Using a technique known as 16s rRNA sequencing, the team analyzed blood and stool samples from 567 men participating in the MrOS study. This technique identifies and quantifies the types of bacteria in each stool sample, based on unique genetic markers. In the blood serum, a technique called LC-MSMS was used to quantify vitamin D metabolites in the blood samples. This allowed them to identify vitamin D precursors, active hormones and the breakdown product.
All the men in the sample were in good health. Their mean age was 84, and they lived in six different cities around the US.
The research team found several very interesting things. First, they found a positive link between active vitamin D and overall diversity in the gut microbiomes of the men. They also found that 12 specific kinds of bacteria showed up more frequently in the microbiomes of men with high levels of active vitamin D. Most of these were the type of bacteria that produce butyrate.
You may remember from my article, Does Dietary Fiber Improve Brain Function As We Age?, that butyrate helps preserve brain function as we age. This beneficial fatty acid also helps keep your gut lining healthy.
“Gut microbiomes are really complex and vary a lot from person to person,” Jiang said. “When we do find associations, they aren’t usually as distinct as we found here.”
One aspect of vitamin D production that could not be controlled across the sample group was production from exposure to sunlight. As you might have guessed, the men who lived in San Diego got the most sun. As a result, they had the highest levels of precursor vitamin D.
The real surprise was the lack of a connection between where the men lived and their serum levels of active vitamin D hormone.
“It seems like it doesn’t matter how much vitamin D you get through sunlight or supplementation, nor how much your body can store,” Kado said. “It matters how well your body is able to metabolize that into active vitamin D, and maybe that’s what clinical trials need to measure in order to get a more accurate picture of the vitamin’s role in health.”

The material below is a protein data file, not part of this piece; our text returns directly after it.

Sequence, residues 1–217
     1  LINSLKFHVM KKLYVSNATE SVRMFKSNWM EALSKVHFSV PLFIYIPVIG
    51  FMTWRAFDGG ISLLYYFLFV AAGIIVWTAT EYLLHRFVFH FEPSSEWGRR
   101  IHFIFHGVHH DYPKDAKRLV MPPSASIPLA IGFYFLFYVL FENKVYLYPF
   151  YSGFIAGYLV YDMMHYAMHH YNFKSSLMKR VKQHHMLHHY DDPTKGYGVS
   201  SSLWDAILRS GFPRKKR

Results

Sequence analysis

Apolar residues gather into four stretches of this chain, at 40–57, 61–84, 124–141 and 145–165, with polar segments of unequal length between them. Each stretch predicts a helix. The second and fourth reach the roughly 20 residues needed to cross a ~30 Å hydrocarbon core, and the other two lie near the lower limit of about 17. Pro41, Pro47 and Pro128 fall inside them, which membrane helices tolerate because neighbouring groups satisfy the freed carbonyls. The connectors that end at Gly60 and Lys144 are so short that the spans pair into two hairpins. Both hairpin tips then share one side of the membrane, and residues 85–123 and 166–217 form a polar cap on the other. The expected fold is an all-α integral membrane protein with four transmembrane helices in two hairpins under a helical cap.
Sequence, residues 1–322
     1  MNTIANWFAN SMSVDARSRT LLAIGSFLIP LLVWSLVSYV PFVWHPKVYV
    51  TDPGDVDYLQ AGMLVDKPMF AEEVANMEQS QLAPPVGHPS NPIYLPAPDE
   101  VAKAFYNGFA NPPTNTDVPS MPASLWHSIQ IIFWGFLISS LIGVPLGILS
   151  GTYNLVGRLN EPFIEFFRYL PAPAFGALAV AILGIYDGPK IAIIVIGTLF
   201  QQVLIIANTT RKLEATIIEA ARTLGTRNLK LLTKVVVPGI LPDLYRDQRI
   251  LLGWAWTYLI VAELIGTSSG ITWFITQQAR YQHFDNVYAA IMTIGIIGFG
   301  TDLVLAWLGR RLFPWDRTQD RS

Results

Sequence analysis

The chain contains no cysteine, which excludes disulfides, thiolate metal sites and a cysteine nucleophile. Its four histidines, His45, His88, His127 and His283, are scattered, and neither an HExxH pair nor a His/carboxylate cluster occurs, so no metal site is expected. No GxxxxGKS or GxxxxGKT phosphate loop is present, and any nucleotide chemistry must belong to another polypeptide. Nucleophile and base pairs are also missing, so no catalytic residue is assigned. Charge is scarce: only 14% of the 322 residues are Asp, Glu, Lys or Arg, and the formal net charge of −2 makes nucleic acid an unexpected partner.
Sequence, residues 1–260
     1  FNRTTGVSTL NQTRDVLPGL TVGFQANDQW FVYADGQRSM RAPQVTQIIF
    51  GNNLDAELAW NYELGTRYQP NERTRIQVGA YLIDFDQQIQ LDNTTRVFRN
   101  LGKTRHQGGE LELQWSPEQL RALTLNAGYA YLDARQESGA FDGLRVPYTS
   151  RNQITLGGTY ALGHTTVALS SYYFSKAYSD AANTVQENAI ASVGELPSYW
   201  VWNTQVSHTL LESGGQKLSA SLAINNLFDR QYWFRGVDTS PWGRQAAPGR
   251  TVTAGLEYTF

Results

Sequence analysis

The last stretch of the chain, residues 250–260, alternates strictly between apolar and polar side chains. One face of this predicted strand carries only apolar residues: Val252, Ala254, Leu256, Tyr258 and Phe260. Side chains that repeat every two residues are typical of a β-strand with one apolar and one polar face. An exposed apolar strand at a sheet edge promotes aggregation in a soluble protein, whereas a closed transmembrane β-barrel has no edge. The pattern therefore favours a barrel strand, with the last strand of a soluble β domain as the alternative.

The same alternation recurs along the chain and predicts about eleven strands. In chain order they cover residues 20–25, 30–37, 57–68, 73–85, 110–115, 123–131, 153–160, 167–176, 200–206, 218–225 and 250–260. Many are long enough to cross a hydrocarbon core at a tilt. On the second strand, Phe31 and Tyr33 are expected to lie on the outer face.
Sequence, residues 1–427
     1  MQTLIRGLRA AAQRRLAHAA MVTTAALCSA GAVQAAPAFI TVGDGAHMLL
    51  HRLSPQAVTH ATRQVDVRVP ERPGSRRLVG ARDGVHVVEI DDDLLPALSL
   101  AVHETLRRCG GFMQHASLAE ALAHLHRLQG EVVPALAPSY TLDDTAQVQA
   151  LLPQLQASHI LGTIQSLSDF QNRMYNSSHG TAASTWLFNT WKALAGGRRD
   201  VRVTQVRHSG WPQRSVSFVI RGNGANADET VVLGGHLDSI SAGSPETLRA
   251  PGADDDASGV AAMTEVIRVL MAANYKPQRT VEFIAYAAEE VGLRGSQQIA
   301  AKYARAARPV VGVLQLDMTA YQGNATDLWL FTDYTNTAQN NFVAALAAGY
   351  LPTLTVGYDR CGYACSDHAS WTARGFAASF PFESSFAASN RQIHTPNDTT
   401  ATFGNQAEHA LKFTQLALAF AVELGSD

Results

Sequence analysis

“We often find in medicine that more is not necessarily better,” Thomas added. “So in this case, maybe it’s not how much vitamin D you supplement with, but how you encourage your body to use it.”
This study is a static look at the microbes and vitamin D levels for these men. Many things can effect the levels of vitamin D, including diet, sleep habits, medications, geography and more. The team feels that more research is needed to understand the relationship between gut bacteria and vitamin D metabolism.
They’d also like to know if, based on further research, interventions could be used at the microbiome level to improve bone health and other health outcomes.
Certainly, we’re not done with research in this important area. But one thing is for sure. This is one more reason for all of us to make sure we’re getting our vitamin D!
Keep the faith and keep after it!
Journal Reference – Robert L. Thomas, Lingjing Jiang, John S. Adams, Zhenjiang Zech Xu, Jian Shen, Stefan Janssen, Gail Ackermann, Dirk Vanderschueren, Steven Pauwels, Rob Knight, Eric S. Orwoll, Deborah M. Kado. Vitamin D metabolites and the gut microbiome in older men. Nature Communications, 2020; 11 (1) DOI: 10.1038/s41467-020-19793-8